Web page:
By: Julie Andrews

EDITION #11 – What does it mean to lead?

Published – 13th November 2019

Julie Andrews is an Assistant Principal at North Geelong Secondary College and an experienced mentor.

Other plans at school

As you successfully move toward the end of this year, you may hear teachers around you referring to a variety of plans. These are usually about a student and how their learning and behaviour is to be managed. These plans are the outcome of a Student Support Group meeting (SSG) conducted by a member of the student management team, advocacy teams, wellbeing teams or for the Program for Students with a Disability (PSD).  Your mentor is an excellent person to speak to about these plans and how they impact on your teaching.

Individual Education Plans (IEP) are used to record and plan learning goals for a student who is experiencing difficulty within the classroom. A range of information is collected from participants attending the SSG including the student, parents/carers, external professionals and teacher feedback, to frame appropriate learning goals that will support an improved engagement by the student in their learning. Reviews of ILPs may be scheduled within a few weeks or on a term-by-term basis at future SSGs. Outcomes of the review may indicate the need to investigate educational assessments, closer work with specialists like occupational therapists, psychologists, or to concentrate on a new plan about behaviour management. Each of these plans will have strategies for teachers to support the student with their learning. A behaviour management plan (BMP) is created to modify unwanted behaviours by replacing them with goals around appropriate behaviours. Support services are linked to the BMP.

Knowing where your school stores IEPs, or minutes/notes from SSGs, is part of your responsibility. As the student’s teacher, you are expected to enact the plan. If you have not seen an IEP this year, work with your mentor to locate a plan and unpack the details in a mentoring conversation. Discuss how you would incorporate the strategies into your teaching plan, how you would monitor the expected changes in learning behaviour and what action you need to take if there is little change. Each plan is different, even if they are on the same template, as the details and strategies are very dependent on the individual. Templates can be different across schools, but the process is the same.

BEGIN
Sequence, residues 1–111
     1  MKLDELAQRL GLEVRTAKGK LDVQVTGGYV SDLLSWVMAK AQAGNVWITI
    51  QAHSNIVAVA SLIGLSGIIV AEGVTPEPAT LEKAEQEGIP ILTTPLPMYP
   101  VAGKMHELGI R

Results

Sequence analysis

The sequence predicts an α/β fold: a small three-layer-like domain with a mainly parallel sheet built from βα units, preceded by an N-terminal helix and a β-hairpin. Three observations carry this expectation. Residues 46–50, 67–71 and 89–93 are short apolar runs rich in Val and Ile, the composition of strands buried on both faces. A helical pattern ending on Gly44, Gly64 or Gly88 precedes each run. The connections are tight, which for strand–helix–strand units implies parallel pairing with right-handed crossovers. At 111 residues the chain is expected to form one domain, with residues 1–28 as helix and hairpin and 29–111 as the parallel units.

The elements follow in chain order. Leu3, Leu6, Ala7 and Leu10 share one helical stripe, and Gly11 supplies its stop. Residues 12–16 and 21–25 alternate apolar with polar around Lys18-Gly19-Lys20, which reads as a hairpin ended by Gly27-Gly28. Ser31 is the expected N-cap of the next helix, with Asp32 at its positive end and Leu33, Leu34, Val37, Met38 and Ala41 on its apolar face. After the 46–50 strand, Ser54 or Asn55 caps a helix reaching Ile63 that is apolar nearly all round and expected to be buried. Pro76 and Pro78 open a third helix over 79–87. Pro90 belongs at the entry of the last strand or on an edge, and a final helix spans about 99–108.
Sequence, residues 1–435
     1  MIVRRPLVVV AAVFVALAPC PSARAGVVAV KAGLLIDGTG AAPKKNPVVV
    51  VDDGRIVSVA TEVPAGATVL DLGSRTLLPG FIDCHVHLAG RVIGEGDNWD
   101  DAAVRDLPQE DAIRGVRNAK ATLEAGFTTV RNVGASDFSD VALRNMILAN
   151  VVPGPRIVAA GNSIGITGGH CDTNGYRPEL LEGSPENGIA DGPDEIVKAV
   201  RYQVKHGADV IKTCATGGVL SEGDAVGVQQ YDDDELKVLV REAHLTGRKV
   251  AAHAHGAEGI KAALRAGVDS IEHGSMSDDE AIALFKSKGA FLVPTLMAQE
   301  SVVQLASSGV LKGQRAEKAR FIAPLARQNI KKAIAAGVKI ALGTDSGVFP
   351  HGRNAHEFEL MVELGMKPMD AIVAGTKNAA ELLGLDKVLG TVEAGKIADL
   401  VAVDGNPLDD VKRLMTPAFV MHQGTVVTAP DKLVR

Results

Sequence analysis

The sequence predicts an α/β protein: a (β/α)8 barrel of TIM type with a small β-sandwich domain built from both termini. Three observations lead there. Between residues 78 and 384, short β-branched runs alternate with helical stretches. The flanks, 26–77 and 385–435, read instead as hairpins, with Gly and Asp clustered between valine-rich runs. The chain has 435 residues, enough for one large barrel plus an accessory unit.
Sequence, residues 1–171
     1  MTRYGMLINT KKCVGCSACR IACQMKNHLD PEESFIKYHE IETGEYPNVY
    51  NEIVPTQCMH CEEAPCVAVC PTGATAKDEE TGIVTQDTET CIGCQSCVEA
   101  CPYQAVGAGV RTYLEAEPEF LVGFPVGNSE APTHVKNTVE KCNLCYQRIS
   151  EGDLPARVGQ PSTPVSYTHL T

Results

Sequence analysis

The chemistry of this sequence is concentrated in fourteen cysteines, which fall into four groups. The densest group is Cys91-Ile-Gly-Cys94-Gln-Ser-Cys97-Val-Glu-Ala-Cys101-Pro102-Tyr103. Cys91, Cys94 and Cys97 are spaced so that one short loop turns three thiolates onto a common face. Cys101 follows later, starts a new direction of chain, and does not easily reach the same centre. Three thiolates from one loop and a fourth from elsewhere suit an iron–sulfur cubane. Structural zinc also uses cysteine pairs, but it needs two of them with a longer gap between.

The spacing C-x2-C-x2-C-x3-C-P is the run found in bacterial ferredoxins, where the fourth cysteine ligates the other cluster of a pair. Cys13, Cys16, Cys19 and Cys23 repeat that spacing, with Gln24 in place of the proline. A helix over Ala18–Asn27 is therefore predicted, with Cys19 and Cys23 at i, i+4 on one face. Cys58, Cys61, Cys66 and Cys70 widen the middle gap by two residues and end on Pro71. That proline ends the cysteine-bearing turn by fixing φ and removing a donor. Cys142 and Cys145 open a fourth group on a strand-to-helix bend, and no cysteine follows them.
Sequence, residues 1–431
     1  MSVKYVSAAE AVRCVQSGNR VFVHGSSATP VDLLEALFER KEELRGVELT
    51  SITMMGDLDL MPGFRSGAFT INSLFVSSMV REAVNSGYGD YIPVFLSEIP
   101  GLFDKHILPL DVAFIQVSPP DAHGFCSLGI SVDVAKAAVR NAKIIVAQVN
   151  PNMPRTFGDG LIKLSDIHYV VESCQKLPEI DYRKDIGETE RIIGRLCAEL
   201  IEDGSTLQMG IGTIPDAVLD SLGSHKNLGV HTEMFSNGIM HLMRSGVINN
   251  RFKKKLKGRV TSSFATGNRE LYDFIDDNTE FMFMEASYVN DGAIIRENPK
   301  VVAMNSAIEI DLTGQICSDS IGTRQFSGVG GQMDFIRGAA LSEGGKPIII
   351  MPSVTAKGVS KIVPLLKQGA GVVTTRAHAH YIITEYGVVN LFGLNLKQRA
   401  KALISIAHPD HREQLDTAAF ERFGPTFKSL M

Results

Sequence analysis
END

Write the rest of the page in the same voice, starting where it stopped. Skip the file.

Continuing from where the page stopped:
For some students their life outside of the school environment is affected by circumstances beyond their control often created by the significant adults around them. In these cases, sometimes directed by Court Orders, the school generates a Safety plan. Safety plans are a term used to describe any plan that supports the safety of the student or of other students from perceived harm. It is usually about promoting physical safety and not harming themselves or others. They can also include bullying/cyber bullying, collection of the student by particular family members, or managing the requirements of an Intervention Order. The school’s leadership manages the safety plans as they are often about escalated situations. Relevant information is communicated to staff.

Actioning student plans, that describe arrangements to protect the safety of a student, form part of the teacher’s duty of care.  A teacher is required to be vigilant at all times, in the classroom, the yard and on excursions, in order to contribute to a safe environment. Concerning behaviour and incidents are reported to student managers or wellbeing staff for follow up.  It is important that all staff are trained in mandatory reporting and Child Safety requirements.